White marble will forever go down as a classic in our books, but sometimes we want to push the design envelope. In our search for something new, we found ourselves gravitating toward colorful varieties of the timeless stone, like Arabescato Corchia (a gray with dense veining) and Calacatta Viola (a rich burgundy). But our latest discovery takes the cake: blue marble. Cobalt, sky, Yves Klein—there’s a whole family of bold blue marbles out there. We’ve noticed the vibrant stone hitting it big abroad, and now designers like Swiss architect Valerio Olgiati, who swathed Celine’s Miami flagship in Azul Cielo (a pale blue marble from Argentina), are bringing the trend stateside. But the mood-boosting material isn’t just for luxurious retail stores; it can look right at home in a kitchen or bathroom too. These five countertops are stone-cold winners:
The Ice Blue
Aelfie Oudghiri’s high-contrast kitchen introduces pops of color in the most unconventional ways: a navy-veined waterfall island and a cobalt-colored Vola faucet. Seamless cabinetry and matching white barstools blend right into the background, keeping extra fuss to a minimum so the stone can take center stage.
The Royal Blue
If you aren’t embarking on a full-on renovation, consider alternative locations to incorporate the material. “It was hard to find marble in this color,” Harry Nuriev, principal at Crosby Studios says of the striking slab in his former Brooklyn apartment. The designer discovered the stone in New Jersey and sat it on top of a bookshelf from his first furniture collection to create a makeshift dining table. “Royal blue is a strong color and, for me, this color speaks for itself,” he adds. Matching steel chairs (also his own creations) surround the custom piece.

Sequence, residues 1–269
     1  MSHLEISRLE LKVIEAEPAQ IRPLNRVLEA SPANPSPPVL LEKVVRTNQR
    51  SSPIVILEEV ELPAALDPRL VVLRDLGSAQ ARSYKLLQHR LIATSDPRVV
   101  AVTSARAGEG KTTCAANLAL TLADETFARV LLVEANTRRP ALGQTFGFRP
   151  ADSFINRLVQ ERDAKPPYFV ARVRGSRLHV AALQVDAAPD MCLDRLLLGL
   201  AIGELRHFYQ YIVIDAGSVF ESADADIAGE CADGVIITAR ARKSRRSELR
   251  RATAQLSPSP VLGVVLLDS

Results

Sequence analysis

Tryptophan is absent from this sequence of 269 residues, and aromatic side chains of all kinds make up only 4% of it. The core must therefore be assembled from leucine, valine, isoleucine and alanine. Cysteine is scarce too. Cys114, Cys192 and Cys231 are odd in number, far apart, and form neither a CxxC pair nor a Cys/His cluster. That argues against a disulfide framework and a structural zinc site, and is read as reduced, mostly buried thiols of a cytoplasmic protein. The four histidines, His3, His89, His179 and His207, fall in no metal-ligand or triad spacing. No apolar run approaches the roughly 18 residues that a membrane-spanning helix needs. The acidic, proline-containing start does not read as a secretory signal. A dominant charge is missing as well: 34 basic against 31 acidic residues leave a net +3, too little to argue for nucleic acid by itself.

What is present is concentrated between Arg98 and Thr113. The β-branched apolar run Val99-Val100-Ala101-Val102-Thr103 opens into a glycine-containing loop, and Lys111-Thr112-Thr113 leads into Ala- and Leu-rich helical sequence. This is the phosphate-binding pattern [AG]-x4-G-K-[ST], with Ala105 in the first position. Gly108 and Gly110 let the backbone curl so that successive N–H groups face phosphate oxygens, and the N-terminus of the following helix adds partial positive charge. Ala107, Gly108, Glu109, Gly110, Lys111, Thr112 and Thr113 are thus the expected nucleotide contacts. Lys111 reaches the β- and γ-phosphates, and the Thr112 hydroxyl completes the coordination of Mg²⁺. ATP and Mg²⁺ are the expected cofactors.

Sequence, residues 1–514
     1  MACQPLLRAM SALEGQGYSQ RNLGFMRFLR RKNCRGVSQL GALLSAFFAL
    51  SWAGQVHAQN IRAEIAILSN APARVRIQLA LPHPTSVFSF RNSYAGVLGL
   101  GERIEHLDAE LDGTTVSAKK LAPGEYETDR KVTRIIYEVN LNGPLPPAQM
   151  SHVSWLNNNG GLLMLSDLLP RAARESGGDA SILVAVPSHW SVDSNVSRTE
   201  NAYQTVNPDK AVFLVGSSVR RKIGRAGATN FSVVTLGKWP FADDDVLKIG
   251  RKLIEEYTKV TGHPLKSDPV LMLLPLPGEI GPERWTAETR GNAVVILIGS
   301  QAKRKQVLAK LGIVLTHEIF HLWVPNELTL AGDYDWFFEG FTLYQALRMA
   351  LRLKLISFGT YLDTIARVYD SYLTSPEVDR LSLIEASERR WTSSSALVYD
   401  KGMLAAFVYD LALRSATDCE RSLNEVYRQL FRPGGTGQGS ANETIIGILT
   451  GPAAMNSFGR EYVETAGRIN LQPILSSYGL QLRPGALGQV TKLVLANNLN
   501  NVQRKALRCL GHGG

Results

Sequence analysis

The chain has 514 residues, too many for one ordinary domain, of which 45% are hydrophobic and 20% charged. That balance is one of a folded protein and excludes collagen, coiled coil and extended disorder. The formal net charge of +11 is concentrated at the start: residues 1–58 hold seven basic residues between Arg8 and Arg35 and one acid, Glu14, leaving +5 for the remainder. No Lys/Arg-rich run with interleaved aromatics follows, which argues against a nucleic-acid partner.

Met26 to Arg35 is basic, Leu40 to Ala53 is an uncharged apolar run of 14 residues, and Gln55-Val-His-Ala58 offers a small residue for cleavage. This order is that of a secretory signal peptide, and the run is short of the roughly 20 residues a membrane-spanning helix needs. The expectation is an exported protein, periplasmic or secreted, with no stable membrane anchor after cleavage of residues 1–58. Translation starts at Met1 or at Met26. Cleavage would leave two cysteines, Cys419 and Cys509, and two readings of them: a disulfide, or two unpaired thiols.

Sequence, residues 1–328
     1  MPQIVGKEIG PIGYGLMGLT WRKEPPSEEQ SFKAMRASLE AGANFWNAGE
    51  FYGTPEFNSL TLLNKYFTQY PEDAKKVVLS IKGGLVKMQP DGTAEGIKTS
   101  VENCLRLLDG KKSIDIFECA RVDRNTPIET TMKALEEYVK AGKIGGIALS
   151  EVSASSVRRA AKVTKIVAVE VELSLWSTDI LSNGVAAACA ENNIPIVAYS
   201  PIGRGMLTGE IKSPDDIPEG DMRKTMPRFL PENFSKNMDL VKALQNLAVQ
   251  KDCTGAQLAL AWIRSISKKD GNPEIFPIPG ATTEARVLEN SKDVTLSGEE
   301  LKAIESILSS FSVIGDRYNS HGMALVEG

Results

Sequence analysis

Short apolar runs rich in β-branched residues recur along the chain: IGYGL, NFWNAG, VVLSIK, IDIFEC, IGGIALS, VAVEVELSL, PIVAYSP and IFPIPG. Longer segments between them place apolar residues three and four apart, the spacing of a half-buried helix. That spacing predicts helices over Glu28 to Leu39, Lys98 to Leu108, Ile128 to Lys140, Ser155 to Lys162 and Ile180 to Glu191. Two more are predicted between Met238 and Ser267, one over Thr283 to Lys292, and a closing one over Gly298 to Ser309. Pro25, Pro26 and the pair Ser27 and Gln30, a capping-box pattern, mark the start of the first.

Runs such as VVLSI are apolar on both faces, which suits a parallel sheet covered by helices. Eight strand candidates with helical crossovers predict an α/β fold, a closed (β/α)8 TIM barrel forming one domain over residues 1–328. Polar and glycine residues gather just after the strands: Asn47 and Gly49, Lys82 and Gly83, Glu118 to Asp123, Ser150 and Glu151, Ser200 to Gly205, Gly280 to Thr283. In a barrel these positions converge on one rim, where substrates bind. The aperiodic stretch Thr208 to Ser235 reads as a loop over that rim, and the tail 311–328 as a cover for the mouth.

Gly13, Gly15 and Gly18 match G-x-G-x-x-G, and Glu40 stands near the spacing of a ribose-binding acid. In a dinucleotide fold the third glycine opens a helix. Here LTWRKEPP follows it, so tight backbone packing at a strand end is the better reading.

The Lagoon Blue
With its luminous aquamarine veining, the green-blue marble bar at Bluestone Lane’s cafe in lower Manhattan resembles the crystal waters along Australia’s coast. Designer and Melbourne native Tali Roth accentuated the breezy feel of the stone with cane stools.
The Retro Blue
The principles of Feng Shui informed this ’70s-chic home by Flack Studio. The encased, L-shaped kitchen countertop, for instance, adheres to the rule that fire and water should not mix. It’s clear which element came out on top.
The Deep Blue
The most economical way to try this trend is to go small-scale. This tiny bathroom by Australian design studio Decus brings major drama with a deep blue stone sink wedged in between two walls, with an equally petite sunken ledge in the basin for flowers and soap. Bonus points for the marble sconces.